My client is considering replacing the cars used by the employees of his company, including the directors. I understand that a friend at his golf club has advised him that if the company buys electric cars the VAT incurred on the purchase will be recoverable as input tax. Is this right?
Can the VAT be recovered?
There is no difference in the VAT recovery position for the purchase, or indeed the lease, of electric, diesel or petrol fuelled vehicles.
For most businesses input tax recovery on the purchase of a car is blocked; there are however a few exceptions.
VAT incurred on the purchase of a car is only recoverable in the following limited circumstances:-
- Where the car will be used exclusively for a business purpose i.e. is to be used only for business journeys and not available for private use of employees or anyone else.
- On the purchase of a qualifying car intended to be used primarily as a taxi, driving instruction car, or self-drive hire car
- Where the car is a stock in trade of a motor manufacturer or dealer
Further details on the above points can be found in Section 3 of VAT Notice700/64 Motoring Expenses.
There is a common misconception of the phrase ‘qualifying car’, even among some car dealers, as we have heard anecdotally. A qualifying car is a car that has not been subject to the full input tax block; not a car that qualifies for input tax recovery. HMRC consider that a car is available for private use “when there is nothing preventing you or your employee from using the car for private use.” The fact that a car is bought for the purpose of a business is not the only requirement; the business needs to have taken steps to ensure that the car is not made available to anyone for private use, and there is significant case law on this matter.
Where a business leases a qualifying car, 50% of the VAT on the leasing charge is blocked (and therefore irrecoverable) to cover private use of the vehicle. The limited circumstance detailed above, i.e. exclusive business purpose, stock in trade, qualifying taxi/self-drive hire use etc. apply in the same way to leased cars as to the purchase of a car, and where these apply, VAT is recoverable in full on the leasing charge, subject to the normal rules.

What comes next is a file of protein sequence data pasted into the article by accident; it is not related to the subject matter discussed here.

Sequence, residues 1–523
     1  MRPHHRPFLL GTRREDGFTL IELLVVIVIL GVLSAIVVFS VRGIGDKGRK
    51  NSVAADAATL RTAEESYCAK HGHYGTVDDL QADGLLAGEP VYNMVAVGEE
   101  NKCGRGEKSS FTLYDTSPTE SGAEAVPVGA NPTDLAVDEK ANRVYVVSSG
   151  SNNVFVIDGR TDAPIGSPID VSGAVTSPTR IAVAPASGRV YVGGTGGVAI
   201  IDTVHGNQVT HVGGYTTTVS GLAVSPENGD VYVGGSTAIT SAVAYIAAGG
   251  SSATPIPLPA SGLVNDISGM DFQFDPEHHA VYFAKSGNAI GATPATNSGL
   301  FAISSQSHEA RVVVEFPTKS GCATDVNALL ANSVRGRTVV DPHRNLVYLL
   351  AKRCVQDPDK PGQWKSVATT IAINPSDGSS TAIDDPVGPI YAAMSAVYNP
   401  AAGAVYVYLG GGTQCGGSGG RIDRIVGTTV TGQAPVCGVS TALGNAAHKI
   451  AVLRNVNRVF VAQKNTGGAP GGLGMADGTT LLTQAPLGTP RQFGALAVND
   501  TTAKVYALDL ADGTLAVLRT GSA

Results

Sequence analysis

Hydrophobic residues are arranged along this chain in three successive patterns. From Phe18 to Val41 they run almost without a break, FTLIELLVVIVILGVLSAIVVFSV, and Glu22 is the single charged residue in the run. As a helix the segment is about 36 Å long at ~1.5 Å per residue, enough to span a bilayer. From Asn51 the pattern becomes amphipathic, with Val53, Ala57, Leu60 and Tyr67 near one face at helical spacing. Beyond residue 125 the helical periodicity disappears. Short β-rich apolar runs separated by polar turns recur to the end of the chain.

Where a separate charge is made for the maintenance of the leased vehicle, the VAT on that element is not included in the 50% block, and is therefore recoverable in full.
Definition of a car for VAT purposes
For completeness, the definition of a car for VAT purposes from Section 2.1 of the Notice is reproduced below-
“A car for VAT purposes is any motor vehicle of a kind normally used on public roads which has 3 or more wheels and either:
- is constructed or adapted mainly for carrying passengers
- has to the rear of driver’s seat roofed accommodation which is fitted with side windows or which is constructed or adapted for the fitting of side windows
Section 2.2 however advises that the following exceptions are not cars for VAT purposes:
- vehicles capable of accommodating only one person or suitable for carrying 12 or more people including the driver
- caravans, ambulances and prison vans
- vehicles of not less than 3 tonnes unladen weight
- special purpose vehicles, such as ice cream vans, mobile shops, hearses, bullion vans, and breakdown and recovery vehicles
- vehicles with a payload of one tonne or more
NB. The payload exception is the one that allows double cab pick-ups meeting that condition to be treated as commercial vehicles for VAT purposes rather than cars.
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This tax Q&A was published in February 2018 – please be aware that the information above may have changed in subsequent months. This note is written for the general interest of our clients and is not a substitute for consulting the relevant legislation or for taking professional advice.
(This content was originally produced by Croner Taxwise Limited and is reproduced with their permission)